Futures: Arizona State DT Will Sutton

Will Sutton may not be the next Geno Atkins, but his "senior year slump" is a gross mischaracterization. Photo by Ashley and Matthew Hemingway.
Will Sutton may not be the next Geno Atkins, but his “senior year slump” is a gross mischaracterization. Photo by Ashley and Matthew Hemingway.

The Arizona State defensive tackle’s story is turning into another example of where the system is focused on spotting flaws more than serious consideration of how to maximize available talent.

Futures: Arizona State DT Will Sutton

By Matt Waldman

Unusual. Not typical. Uncommon. Extraordinary.

These are all meanings of “exceptional”.

The best talent evaluators create opportunities within their process to find the exceptional. They understand what business writer George Anders means when he says that it’s important to keep channels openbecause talent does not always fit the typical requirements:

When hiring talent, many companies generally search for candidates with narrow, time-tested backgrounds. Hunting strictly in those familiar zones doesn’t find everybody, however. When selectors apply such rules too tightly, lots of fascinating candidates on the fringe get overlooked. There’s no mechanism for considering the 100-to-1 long shot, let alone the 1,000-to-1 candidate. On a one at-a-time basis, it’s easy to say that such candidates aren’t worth the time it would take to assess them. Yet ignoring all of these outsiders can mean squandering access to a vast amount of talent.

Good organizations, according to Anders, know how to balance a conventional process for hiring talent while taking more progressive attitudes about the initial search:

  • Not restricting where they seek talent. Being open to alternate sources limits how often they have to pay a “conformity tax” by doing what everyone else does. Think Victor Cruz at UMass. The fact the Giants were willing to give Cruz a tryout was more than one could say about many teams.
  • Suspending disbelief about a candidate in the early stages of evaluation. Seeing potential value instead of writing off a candidate before evaluating him. Think of the several NFL teams, scouts, and media-hired evaluators whose grades of Russell Wilson were low because they’re processes are about spotting flaws more than spotting skill or opportunities for skills to thrive. Of the many scouts who did see Wilson’s talent, a majority were driven by the preconceived expectation that their bosses would punish them for championing a player they knew their superiors would dismiss without an open evaluation of the quarterback’s ability.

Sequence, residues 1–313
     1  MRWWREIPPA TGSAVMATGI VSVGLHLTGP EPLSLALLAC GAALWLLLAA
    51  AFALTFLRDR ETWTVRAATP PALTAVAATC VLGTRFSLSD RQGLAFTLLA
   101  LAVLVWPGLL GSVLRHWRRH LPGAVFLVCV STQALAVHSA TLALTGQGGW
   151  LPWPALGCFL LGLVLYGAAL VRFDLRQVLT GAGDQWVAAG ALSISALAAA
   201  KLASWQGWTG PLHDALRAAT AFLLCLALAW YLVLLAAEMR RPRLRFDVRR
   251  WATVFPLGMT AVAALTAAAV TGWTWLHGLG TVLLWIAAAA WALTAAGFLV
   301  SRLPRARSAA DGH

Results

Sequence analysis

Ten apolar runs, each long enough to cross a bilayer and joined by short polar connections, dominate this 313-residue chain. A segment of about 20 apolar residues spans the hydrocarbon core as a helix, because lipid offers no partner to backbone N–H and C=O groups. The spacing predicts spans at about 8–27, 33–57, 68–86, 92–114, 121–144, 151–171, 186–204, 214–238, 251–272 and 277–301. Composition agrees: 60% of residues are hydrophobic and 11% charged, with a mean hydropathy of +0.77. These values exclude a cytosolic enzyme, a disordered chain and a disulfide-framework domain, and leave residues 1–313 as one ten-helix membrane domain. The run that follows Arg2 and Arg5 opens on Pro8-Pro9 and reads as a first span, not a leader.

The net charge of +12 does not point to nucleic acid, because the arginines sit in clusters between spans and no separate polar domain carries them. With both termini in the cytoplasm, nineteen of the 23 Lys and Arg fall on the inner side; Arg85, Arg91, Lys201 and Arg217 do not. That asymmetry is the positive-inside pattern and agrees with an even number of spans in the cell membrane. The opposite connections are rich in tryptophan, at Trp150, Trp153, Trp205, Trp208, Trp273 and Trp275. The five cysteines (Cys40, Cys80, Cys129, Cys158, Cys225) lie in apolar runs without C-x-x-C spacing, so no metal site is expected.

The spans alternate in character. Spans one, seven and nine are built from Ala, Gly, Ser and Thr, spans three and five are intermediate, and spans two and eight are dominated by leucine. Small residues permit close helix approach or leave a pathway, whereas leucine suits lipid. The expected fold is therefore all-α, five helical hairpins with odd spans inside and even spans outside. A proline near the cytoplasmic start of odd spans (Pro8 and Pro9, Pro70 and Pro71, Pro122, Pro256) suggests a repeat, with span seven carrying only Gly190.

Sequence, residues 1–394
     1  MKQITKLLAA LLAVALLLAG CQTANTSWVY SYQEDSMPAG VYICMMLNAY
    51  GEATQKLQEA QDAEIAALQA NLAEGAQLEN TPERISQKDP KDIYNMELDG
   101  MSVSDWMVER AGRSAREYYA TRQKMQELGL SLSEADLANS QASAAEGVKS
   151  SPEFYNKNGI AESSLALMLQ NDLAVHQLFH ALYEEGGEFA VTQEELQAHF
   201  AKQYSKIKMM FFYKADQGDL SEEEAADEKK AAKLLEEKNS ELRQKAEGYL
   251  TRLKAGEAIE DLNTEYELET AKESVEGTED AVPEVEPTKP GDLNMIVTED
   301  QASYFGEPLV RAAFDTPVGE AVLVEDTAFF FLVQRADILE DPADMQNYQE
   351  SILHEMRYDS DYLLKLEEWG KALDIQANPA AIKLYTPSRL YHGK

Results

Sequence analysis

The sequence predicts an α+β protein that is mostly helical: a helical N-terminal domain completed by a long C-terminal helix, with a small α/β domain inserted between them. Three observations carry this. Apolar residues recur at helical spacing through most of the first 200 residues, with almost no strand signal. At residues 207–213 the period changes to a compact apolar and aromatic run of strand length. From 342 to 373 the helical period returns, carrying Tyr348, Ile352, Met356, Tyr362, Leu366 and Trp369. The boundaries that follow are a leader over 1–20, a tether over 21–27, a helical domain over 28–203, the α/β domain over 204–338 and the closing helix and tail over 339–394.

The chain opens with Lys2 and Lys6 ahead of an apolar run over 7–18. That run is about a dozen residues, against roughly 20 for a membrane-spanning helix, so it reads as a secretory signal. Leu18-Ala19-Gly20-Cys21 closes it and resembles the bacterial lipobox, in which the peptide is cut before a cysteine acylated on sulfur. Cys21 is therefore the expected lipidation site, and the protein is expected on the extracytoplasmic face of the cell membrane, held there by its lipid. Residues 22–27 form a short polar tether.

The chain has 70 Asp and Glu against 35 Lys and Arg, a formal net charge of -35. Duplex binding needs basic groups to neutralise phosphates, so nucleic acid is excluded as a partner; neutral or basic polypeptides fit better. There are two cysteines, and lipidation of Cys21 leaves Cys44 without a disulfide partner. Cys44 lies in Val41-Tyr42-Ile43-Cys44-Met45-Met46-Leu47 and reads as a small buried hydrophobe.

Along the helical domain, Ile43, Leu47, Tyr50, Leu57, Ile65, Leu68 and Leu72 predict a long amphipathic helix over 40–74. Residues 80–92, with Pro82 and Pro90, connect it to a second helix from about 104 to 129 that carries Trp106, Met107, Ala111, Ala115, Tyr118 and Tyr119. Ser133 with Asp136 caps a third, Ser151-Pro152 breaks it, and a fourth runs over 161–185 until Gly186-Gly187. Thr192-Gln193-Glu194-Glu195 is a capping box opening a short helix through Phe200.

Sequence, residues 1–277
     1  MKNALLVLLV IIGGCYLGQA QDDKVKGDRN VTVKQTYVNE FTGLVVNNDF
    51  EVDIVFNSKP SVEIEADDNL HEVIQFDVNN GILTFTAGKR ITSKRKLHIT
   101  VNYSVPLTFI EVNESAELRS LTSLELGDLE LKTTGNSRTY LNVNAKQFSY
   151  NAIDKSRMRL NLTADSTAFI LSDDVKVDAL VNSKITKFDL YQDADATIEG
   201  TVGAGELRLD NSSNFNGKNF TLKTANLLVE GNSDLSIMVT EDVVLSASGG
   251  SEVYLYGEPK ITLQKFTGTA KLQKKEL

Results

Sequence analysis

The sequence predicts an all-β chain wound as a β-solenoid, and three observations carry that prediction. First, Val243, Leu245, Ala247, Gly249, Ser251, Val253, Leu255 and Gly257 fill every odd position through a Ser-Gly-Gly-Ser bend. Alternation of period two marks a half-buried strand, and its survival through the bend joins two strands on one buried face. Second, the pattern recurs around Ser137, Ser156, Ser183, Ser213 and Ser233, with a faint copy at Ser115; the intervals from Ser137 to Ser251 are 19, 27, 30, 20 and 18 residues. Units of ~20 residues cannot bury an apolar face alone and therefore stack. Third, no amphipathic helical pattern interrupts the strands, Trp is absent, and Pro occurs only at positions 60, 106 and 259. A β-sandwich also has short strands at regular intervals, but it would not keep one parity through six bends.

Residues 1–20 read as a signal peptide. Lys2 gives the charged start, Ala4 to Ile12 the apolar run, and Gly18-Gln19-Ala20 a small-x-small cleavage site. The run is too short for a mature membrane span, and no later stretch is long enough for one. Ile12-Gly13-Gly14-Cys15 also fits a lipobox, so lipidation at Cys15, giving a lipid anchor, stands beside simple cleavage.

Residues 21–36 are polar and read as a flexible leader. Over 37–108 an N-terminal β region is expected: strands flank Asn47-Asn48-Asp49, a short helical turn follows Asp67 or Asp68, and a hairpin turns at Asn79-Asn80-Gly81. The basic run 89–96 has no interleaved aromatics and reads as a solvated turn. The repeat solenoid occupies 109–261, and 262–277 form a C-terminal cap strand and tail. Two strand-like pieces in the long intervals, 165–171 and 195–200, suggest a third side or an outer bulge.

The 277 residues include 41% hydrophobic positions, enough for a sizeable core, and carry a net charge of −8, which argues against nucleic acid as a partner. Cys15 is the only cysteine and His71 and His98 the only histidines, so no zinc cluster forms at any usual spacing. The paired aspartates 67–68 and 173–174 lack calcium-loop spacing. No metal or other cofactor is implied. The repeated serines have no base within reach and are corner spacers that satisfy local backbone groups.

• Realizing that other industries cultivate desirable skills that can create a viable pool of talent. Think Antonio Gates, Jimmy Graham, and Tony Gonzalez – three basketball players in college and were encouraged to makefootball their professional goal.

Gates, Graham, and Gonzalez aren’t just examples of progressive scouts and front office types. They each heeded an inner belief that they could play at the highest level. This is a part of being an exceptional talent.

LaRoi Glover was an exceptional talent. The former Saint’s resume is that of a future Hall of Famer: Six consecutive trips to the Pro Bowl (2000-2005), a four-time All-Pro, and a member of the NFL’s 2000s All-Decade Team. Headlining those accomplishments was a 2000 season where Glover led the NFL in sacks and earned NFC Defensive Player of the Year –as a defensive tackle.

Few NFL teams had anywhere close to this level of regard for Glover’s potential. A two-time All-WAC defender from San Diego State, Glover entered the league as a 6’2”, 290-pound rookie – a generous listing of his physical dimensions. A baseline weight for NFL defensive tackles – even the speedier, agile three-techniques in a 4-3 defense like Warren Sapp – is 300 pounds.

The Oakland Raiders selected Glover in the fifth round of the 1996 NFL Draft. The team used the rookie in two games during the month of November and at season’s end, allocated Glover to the Barcelona Dragons of the World League. Glover earned all-league honors, but it wasn’t enough for the Raiders to give him a second look. Oakland cut Glover on August 24 of the 1997 preseason.

The Saints signed the defensive tackle the following day and they weren’t as dismissive with Glover’s potential. They gave Glover a chance to play based on what they saw and not what their coaches were guessing. The next three seasons, the young defender demonstrated great promise – earning a total of 23 sacks.

In 2000, new head coach Jim Haslett moved Glover to the three-technique, paired the explosive tackle with space eater Norman Hand, and the rest is history.

Read the rest at Football Outsiders

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